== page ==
Before the internet, people interested in body modification – not just tattoo and piercing enthusiasts, but those drawn to more unusual practices like ear pointing, tongue splitting, suspension, scarification and the voluntary amputation of limbs and organs – had a difficult time meeting others who shared their interests.
The internet, of course, changed everything: You can chat and connect with anyone from your computer. And in 1994 – more than a decade before Facebook launched – body modification enthusiasts started their own social media platform: the Body Modification E-zine, or BME.
First operating as a bulletin board service (an early form of online message boards), BME eventually added features and functions that were forerunners before now-familiar online tools: blogging, wikis, online dating and podcasts.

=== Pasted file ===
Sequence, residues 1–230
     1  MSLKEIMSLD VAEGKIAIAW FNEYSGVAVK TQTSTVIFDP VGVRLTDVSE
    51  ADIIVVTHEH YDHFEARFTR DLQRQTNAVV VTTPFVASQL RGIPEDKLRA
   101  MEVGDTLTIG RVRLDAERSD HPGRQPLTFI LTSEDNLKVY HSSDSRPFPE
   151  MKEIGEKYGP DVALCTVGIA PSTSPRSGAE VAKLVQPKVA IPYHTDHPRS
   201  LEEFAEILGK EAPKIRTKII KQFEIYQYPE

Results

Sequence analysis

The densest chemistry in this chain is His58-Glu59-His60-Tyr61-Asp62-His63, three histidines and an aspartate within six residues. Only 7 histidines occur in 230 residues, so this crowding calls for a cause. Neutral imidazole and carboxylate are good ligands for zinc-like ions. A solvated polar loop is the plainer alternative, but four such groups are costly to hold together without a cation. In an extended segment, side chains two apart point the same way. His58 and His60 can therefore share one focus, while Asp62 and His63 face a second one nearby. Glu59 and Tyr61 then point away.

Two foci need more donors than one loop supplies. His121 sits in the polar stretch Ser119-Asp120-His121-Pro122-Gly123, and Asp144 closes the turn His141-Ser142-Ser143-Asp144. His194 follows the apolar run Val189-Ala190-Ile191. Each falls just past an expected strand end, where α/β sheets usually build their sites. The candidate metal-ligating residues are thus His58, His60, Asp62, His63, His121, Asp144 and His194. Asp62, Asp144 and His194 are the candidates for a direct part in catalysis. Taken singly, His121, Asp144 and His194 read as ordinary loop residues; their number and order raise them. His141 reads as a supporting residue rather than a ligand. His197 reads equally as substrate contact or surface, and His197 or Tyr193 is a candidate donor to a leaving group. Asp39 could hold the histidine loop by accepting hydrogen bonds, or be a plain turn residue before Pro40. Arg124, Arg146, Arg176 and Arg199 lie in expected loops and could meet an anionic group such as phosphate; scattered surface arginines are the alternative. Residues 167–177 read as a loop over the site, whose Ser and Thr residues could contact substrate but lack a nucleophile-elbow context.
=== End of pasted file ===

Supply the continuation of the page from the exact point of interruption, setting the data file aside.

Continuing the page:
But as sites like Facebook and Myspace emerged, BME found itself competing for attention with these new “global communities.” The story of the website shows how onlinecommunities can form and fall apart – and how Facebook’s monolithic presence makes enduring internetcommunities for people on the margins of society that much more precarious.
A commitment to authenticity
BME, along with the longstanding punk scene in New Brunswick, New Jersey and Brooklyn’s booming drag culture, are the three communities I studied in my forthcoming book “Digital Countercultures and the Struggle for Community.” Read More